Some extra-jurisdictional decisions have interpreted ingress-egress clauses even if the insured’s property (including private roads and driveways) were not destroyed by fire. In Fountain Powerboat Industries Inc. v. Reliance Ins. Co., 119 F. Supp. 2d 552 (E.D.N.C. 2000), an insured argued that a floodplain prevented ingress-egress to the insured’s boat-building business such that only heavy trucks could pass through. The insurer’s position was that since the insured’s actual facility had not been damaged, there was no coverage. The argument did not fare well with the court, which ruled “[T]he meaning of the ingress-egress clause is exceedingly clear. Loss sustained due to the inability to access the Fountain Facility and resulting from a hurricane is a covered event with no physical damage to the property required.” Id. Analogous arguments could be made for a fire loss.

If you have any questions or would like more information, please contact Richard E. Wirick at [email protected].

Fire On the Mountain: Insurance Coverage Disputes Arising Under California Property Policies

Posted on: November 6th, 2017

By: Richard E. Wirick

No issue in insurance coverage could be more topical than fire losses. The Napa and Sonoma County fires, as well as lesser wildfire losses in the Anaheim area, may well give rise to more coverage disputes than we have seen since the Oakland Hills (Tunnel) fires of the nineties. This is notwithstanding the extensive statutory changes to such coverages, and the attempts to define troublesome terms and concepts such as actual cash value, fair market value, and total replacement costs in the legislature’s changes to the Insurance Code in 2005. In addition to its treatment of first party valuation issues under loss settlement provisions (the most litigated of all fire coverage issues), this series of blogs will also discuss non-valuation-based controversies, such as loss-of-use and business interruption provisions. Additionally, an upcoming blog will discuss third party coverage issues, as well as straight liability issues, that arise, principally from attempts to sue municipalities and other public entities for fire endangerment.

I. FIRST PARTY COVERAGE ISSUES

The overwhelming majority of coverage issues litigated in commercial and homeowners fire losses concern valuation of the replaced (or partly replaced) property. The valuation methods are contained in the “Loss Settlement Provisions” of any policy, and break down into “actual cash value” and “replacement cost value.”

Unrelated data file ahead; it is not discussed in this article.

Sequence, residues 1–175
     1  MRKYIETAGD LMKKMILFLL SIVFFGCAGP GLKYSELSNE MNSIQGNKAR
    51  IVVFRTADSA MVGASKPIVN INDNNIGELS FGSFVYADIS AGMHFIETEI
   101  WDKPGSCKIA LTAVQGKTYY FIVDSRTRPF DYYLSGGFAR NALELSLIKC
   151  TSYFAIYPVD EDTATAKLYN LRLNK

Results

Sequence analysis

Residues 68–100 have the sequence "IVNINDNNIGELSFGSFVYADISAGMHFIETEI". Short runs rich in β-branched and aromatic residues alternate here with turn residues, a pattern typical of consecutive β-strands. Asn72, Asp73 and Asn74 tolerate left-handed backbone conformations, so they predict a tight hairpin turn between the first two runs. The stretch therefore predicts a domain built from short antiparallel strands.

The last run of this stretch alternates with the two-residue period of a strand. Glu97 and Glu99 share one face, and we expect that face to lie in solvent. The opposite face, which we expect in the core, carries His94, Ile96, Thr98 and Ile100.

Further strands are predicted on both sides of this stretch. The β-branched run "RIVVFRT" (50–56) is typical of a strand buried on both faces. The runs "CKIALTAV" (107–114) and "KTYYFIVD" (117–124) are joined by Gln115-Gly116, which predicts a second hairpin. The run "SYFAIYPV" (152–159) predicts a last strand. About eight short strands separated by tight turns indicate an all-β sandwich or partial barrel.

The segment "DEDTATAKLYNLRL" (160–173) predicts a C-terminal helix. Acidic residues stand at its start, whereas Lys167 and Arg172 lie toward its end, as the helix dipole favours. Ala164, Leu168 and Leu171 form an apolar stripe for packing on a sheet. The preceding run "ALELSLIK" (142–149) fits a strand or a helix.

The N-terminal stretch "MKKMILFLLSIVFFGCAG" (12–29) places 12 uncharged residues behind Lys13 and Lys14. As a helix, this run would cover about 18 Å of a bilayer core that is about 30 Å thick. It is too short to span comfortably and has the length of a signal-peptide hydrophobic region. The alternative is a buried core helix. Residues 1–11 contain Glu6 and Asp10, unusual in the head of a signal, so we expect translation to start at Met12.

*Method One: Actual Cash Valuation (ACV)

Under an open policy (one whose limits are not set in advance), the ACV of a structure that is totally destroyed by fire is its fair market value when the loss commenced. Ins. Code 2052(b)(1). “Fair market value” is the price “a willing buyer would pay a willing seller, and factors such as age, condition, fitness for buyer’s particular purpose, etc. If the structure is only partially destroyed, the ACV formula is the amount it would cost to repair, rebuild or replace the thing lost or injured, less a fair and reasonable deduction for physical depreciation. Ins. Code 2051(b)(2). Given the above depreciation schedule controversies and ensuing litigation, the legislature enacted a new version of Ins. Code 2051(b) requiring the insurer to itemize depreciation only with respect to property normally subject to repair during its useful life, and must be attributable to the age and condition of the property. Ins. Code 2051(b)(2) (2005 version).

*Method Two: “Replacement Cost” Valuation: Alternatively, property insurance policies can be deemed to provide a “replacement cost” valuation basis for insured properties destroyed by fire. (Replacement Cost Coverage or RCC). FIE v. Superior Court (Altman), (2004)116 Cal. App. 4th 446.

RCC was devised to compensate the insured for the differential/shortfall resulting from reconstructing a dwelling under a policy that pays only for ACV, since with RCC depreciation cannot be considered. Altman, supra, illustrated this as follows: “For example, if an insured wanted to replace a damaged roof, the insurer would be liable for the cost of the entire new roof, even if the damaged roof had been ten years old.” Id. at 116 Cal. App. 4th at 464.